Re: SPG “That’s like earning the equivalent of 1.25 airline miles per $1.”

The SPG *used* to be one of the better earners, but with the Freedom Ultimate (1.5x) and AMEX Blue Business Plus (2x), I don’t see the point in SPG anymore. Even for SPG/Marriott, you earn more with the ABBP, unless you go over $50K/yr spend on it. Which I don’t. Cause I’m meeting minimum spend on other cards.

Joseph Hostetler

I tend to agree with that. You have most of the useful airline transfer partners between the Freedom Unlimited and Blue Business Plus. Can’t wait to get a Freedom Unlimited!

Joseph, great post. Saw the WPCU post. Do you live in Dayton? I’m in Centerville just behind Bill’s donuts…small world.

Joseph Hostetler

Yeah! Just was at Bill’s Donuts a couple weeks ago. Let me know if you ever wanna geek out on miles and points at Bill’s!

That would be a blast. Can you send me an email to reach out to you?

I woild cancel the AA Citi card and keep the Barclays Aa card. As you said, same benifits, but by canceling the Coti card, youj get to start your 24 months as opposed to waiting. Seems like a no brainer to me. Thats what I did.

Plus Barclays will randomly offer bonus double miles on various categories for three-month periods (ex: “Earn 2x miles on home improvement and gas stations from Jan-Mar”). And they’ve waived the annual fee for me, so I’m happy with the Aviator.

No, Joseph’s plan makes more sense. Once you cancel you have to wait 24 months from the cancel date to apply again. All he has to do now is wait 24 months from the day he first applied for the card, apply again and then cancel the original card.

This is not correct Scott… “And because of Citi’s new rules, folks will NOT get the sign-up bonus from a Citi card if they’ve opened or closed a card of the same brand in the past 24 months. “

To me this means you have to wait 24 months after closing… unless I are reading this card… you have to wait 24 months… If I am reading it wrong, please tell me so I can apply for the card today before the 60K goes away.

Joseph Hostetler

Hey Mike! Scott’s right, you can’t earn the sign-up bonus for a Citi credit card if you’ve either OPENED or CANCELED a card of the same “brand” in the past 24 months.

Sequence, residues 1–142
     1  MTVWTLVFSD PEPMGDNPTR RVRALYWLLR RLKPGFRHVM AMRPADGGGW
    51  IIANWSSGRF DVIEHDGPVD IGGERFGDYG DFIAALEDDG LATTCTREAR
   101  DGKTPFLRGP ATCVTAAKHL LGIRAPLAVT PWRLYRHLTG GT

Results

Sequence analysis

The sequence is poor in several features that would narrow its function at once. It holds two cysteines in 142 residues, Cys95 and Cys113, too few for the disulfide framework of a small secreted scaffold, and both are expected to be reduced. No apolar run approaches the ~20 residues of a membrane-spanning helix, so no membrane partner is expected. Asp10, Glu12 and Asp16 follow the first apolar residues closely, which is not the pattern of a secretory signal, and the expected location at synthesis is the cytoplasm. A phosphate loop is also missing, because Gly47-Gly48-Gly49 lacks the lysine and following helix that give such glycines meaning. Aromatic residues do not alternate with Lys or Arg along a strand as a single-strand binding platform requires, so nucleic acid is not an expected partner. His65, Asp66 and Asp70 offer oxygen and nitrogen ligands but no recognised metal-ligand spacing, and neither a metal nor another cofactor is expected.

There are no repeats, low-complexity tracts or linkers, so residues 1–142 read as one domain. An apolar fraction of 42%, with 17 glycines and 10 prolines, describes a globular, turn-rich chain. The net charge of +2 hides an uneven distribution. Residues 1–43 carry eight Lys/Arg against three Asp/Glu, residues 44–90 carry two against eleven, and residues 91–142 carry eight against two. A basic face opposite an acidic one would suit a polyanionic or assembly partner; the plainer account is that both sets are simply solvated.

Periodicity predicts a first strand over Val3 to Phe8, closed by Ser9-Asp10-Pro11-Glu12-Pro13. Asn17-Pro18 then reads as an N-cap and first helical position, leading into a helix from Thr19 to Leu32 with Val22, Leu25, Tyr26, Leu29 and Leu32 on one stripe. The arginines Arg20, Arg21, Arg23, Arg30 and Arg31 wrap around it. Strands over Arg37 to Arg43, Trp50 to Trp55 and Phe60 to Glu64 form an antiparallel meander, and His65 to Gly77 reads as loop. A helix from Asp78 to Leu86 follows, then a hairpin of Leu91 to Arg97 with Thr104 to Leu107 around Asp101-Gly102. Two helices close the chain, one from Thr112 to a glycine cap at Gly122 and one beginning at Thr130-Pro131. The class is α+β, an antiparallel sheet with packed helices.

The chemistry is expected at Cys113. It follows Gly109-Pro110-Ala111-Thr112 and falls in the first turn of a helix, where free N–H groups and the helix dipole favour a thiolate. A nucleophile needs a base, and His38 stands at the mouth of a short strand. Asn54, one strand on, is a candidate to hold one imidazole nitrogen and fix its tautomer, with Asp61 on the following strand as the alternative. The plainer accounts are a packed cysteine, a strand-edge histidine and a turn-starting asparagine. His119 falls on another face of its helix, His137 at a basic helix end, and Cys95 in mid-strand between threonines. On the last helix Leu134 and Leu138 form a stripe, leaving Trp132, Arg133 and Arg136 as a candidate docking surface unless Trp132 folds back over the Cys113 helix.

If you have neither opened nor canceled a Citi American Airlines card in the past 24 months, you’re eligible for the 60,000 mile sign-up bonus!

So, how do you open a new one if you already have one? Will they let you do that? So, I have a card, I opened 25 months ago, so I can open another one without cancelling the other?? They will let me have two of the same cards?? If this is not the case, then that is my point, in order to get the miles again, you will have to close and wait 24 months, which is why I kept my barclays open… (In all honesty though, I canceled my Citi card before they came up with this language, and when Barclays didn’t have any new offers.)

For the United Explorer Card, there’s a no fee version, and it still gives you the additional award availability reserved for Chase Card holders, just as the annual fee version does. A potentially good use of transfers for your Ultimate Rewards.

Is it? I didn’t know about it. it is not showing on Chase website. can you share a link? I am wondering if this has the free first checked bag. that is the only reason I need this card.

Never mind. found this link. that no annual fee card seems useless.

Wish I would have known this before I canceled mine. Heck, I didn’t even know about the additional award availability until a few days ago. Ughh.

Joseph Hostetler

No way. Gonna dig into this card, thanks for letting me know!

yeah, I was surprised when the additional availability kept showing up after I downgraded, but it does! I haven’t read any official policy, but it says clearly “Exclusively available to you as a Chase cardmember,” which leads me to believe it’s tied to the fact that I have a Chase United Card, not just the Explorer Card.

I recently got a notice saying that my Chase United Explorer card was now tacking on a $95 annual fee. Never had to pay a fee before. It included 2 passes to the United Lounge, a free checked bag and 1 mile for every $1 spent. I was told, if I downgraded to a no fee card, I’d no longer have the free checked bag, no lounge access and 1 mile for every $2 spent. The rep I spoke with said it was because of increased costs. What baloney!! Fuel prices were double what they are now, just a few years ago…I could go on…I suppose I’ll just downgrade and never use the new card….or United again…

Load more